Russia's largest agricultural holding company has joined forces with AI development firm Cognitive Technologies to pilot autonomous crop management on 665,000 hectares of land. It is hoped that the technology will help reduce crop losses while also improving farming efficiency.

Rusagro has contracted Cognitive Technologies – the same company that's testing an autonomous tram in Moscow – to install the Cognitive Agro Pilot self-driving systems into combine harvesters to help manage the holding company's land reserves in the Belgorod region of Russia's Central Federal District.

The agreement calls for the system to be capable of safely operating autonomously over plowed or unplowed ground, as well as mowed or unmowed fields, and take appropriate action when objects like other machines, trees, roads, animals and people are detected.

The setup comprises a control system called the Agrodroid, a video camera, a display screen and connecting cables. Human operators will be present in the cabins of the kitted out combines, but the self-driving system will allow them to focus on controlling harvesting systems.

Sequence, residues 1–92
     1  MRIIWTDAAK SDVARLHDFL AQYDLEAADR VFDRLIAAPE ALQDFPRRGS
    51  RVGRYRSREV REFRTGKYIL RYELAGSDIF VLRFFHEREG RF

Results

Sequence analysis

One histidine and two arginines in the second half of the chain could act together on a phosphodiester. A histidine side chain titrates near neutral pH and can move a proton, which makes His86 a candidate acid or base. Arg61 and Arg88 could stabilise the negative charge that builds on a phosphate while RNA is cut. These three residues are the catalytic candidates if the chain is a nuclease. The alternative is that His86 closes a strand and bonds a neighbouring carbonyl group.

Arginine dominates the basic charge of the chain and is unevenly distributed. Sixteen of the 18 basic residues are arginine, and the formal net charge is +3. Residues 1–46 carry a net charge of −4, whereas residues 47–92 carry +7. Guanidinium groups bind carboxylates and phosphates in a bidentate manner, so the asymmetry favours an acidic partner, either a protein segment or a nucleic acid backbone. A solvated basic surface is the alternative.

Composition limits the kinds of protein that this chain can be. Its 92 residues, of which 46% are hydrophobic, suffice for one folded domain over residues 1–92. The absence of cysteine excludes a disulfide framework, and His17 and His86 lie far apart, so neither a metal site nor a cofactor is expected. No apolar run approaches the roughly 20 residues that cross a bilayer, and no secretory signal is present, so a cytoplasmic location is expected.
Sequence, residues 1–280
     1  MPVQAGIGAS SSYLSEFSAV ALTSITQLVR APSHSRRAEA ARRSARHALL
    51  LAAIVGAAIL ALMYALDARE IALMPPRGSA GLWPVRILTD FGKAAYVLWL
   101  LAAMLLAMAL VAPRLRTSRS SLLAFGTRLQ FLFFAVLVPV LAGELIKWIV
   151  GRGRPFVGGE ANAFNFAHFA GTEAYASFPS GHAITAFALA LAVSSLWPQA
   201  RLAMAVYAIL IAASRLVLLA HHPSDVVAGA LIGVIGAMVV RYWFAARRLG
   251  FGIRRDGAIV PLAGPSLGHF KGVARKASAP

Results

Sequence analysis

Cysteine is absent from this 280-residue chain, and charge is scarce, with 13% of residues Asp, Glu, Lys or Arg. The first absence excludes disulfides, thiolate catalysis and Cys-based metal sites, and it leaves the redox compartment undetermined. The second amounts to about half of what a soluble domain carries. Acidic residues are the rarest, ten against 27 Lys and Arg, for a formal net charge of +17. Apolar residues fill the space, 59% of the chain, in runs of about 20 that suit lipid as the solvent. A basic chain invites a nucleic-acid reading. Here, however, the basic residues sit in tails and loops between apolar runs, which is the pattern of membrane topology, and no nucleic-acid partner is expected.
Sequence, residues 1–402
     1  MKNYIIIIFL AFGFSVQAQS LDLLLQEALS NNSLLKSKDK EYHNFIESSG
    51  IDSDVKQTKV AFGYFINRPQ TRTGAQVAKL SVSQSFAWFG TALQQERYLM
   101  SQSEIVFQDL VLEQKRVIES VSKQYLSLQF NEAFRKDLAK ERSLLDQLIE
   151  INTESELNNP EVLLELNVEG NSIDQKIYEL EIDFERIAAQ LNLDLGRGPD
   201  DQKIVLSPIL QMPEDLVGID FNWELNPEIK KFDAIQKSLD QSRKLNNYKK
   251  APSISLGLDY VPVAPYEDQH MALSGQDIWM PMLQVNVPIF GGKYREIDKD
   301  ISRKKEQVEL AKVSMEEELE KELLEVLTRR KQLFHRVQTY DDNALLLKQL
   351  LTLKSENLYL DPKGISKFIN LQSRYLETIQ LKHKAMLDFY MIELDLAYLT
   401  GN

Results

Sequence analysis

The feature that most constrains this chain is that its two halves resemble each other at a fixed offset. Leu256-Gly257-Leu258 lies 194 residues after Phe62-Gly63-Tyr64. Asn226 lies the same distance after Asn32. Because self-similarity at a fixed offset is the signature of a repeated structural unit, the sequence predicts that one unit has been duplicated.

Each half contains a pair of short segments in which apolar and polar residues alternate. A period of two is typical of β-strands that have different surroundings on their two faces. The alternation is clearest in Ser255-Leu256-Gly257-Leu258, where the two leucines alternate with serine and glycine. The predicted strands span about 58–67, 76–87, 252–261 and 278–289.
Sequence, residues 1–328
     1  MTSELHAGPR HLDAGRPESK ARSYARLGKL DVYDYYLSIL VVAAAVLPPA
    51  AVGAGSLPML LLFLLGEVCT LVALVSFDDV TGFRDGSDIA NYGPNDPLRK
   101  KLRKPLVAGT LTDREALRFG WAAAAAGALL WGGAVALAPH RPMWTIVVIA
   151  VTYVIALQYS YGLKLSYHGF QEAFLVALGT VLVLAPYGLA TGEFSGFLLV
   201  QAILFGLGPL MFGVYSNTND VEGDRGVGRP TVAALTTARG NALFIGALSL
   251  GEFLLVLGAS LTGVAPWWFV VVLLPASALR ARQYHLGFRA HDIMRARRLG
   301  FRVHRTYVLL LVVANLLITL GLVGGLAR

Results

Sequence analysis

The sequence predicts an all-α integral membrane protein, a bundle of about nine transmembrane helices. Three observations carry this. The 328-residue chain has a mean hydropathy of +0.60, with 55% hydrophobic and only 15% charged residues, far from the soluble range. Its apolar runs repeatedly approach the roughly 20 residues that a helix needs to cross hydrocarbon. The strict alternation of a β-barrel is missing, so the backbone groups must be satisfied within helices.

"Usage of the system reduces grain losses while harvesting up to two times," said Olga Uskova of Cognitive Technologies. "Our highly developed computer vision system allows just one camera to achieve similar results to what most leading international manufacturers get with three or four sensors, including a LiDAR. It also ensures the safe operation of the self-driving harvester in any weather and lighting conditions."

The autonomous control system can be installed on any harvesters, tractors and sprayers, and the setup comes supplied with a cradle that allows for the Agrodroid brain to be moved from one vehicle to another without having to purchase a new system for each.

Pending successful completion of the autonomous pilot, Rusagro expects the system to be installed on all of its 800 combine harvesters within the next few years.

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